30 years ago – March 8, 1991
With teacher Phil Headrick giving the instructions, the student stagehands and lighting technicians at Gilpin County High School are preparing for the upcoming community talent show scheduled for April 5. The technical crew is composed of students from Betty Truitt’s speech class. The class is sponsoring the event. Details on the show can be found in the Bulletin Board columns.
It’s your chance to be a star! Enter the school talent contest and win money! Tryouts are Thursday, March 14, 4 p.m., in the gym. Prizes are $50 for first place, $35 for second, and $15 for third, in each of four categories: Elementary (preschool-6th grade), High School (grades 7-12), Adult, and Combined (all ages). Entry blanks are available at school or the Black Hawk Kwik Mart, and must be turned in by March 11. Entry fee of $1 will be collected at tryouts. The show will be April 5 at 7 p.m. The entire community is invited to participate in this fabulous show, sponsored by the school speech and drama class, the Gilpinite yearbook and the PTO.
60 years ago – March 17, 1961
Central City Nuggets:
Help is still needed to clear out the building for the Fire House. Mr. Emil Thiel has spent days doing what he can. Give him a lift if only for a few hours. It’s about time we have more adequate equipment in case of fires. Either contact Mr. Thiel or Fire Chief Carl Skagerberg.
Mrs. Louis Dukes was up from Denver, Tuesday, to spend the day and was accompanied by Mrs. Geo. Phillipps, and Mura Todd of New York City. Mrs. Phillipps is a graduate of the local high school and after her marriage lived here before going to Myton, Utah to make her home. It was indeed a pleasure to enjoy the reminiscence of interesting events of other days which seemed most vivid rather than remembering the number of years that have passed.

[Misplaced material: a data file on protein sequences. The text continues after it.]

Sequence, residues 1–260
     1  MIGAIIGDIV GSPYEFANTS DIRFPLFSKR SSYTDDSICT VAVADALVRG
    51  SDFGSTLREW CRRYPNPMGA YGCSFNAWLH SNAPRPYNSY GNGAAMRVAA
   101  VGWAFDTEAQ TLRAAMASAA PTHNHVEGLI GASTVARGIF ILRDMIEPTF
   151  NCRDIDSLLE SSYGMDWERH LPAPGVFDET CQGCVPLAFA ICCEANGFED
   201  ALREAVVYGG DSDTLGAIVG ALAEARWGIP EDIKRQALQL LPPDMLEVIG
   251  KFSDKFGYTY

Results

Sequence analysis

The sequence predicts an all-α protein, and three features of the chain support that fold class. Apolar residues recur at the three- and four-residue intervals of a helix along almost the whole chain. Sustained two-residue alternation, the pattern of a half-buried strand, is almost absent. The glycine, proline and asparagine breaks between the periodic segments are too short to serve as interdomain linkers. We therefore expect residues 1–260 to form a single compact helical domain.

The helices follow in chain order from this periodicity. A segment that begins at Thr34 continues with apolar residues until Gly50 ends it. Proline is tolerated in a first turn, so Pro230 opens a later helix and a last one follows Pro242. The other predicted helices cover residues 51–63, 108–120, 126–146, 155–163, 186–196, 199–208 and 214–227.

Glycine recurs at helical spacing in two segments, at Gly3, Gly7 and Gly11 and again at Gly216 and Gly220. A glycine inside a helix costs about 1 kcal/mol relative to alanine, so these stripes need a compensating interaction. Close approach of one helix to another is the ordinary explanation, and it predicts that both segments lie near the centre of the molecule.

Letter to the Editor: Dear Mr. Laird, my husband has been reading the Register-Call since his confinement to a mental institution, and now that he is cleared, I wish to cancel his subscription.
Black Hawk Gold Dust:
Mrs. Even Jacobson was in Golden and Lakewood on a business and shopping trip last Friday.
We are happy to report that Ruth Blake is recuperating nicely from her recent operation.
An early morning fire at the Ferguson home in the Mayhew subdivision last Saturday was soon put out by neighbors who responded to the call for help. Considerable damage was done by the fire which was started by a burning log rolling out of the fire place.
Born: A little girl arrived last week to join the Hendricks Clan. She is Kathleen Don, born March 8th to Mr. and Mrs. John Hendricks of Denver. Mr. and Mrs. Ray Hendricks went down on Sunday to see their new granddaughter.
90 years ago – March 13, 1931
Mr. W. Grenfell has returned from Arvada, where he exchanged his wrecked auto for another make, hopefully in better shape.
County Commissioner John Hancock has been busy day and night trying to keep the highway open with the tractor and shovelers, and would have succeeded just fine if the wind did not drift the snow in the roads faster than they could shovel it out.
Deputy Game Warden Sherman Harris left for Denver Wednesday, on business matters.
Mr. M. Reidl has taken the position as engineer at the Pittsburg Mine, which is about ready for operation.
Mr. and Mrs. A.M. Fairchild left for Denver Tuesday morning, returning that evening with a new auto, which the gentleman will handle in first class style in his trips over the mountains.
120 years ago – March 15, 1901
The Lillian Mining Company, who are operating the Lillian Mine in Russell District, have made another good strike of ore in the first, or 75-foot level, where the crevice has opened up nearly three feet in width, showing some fine looking ore, and shipments from this portion of the mine can commence at once.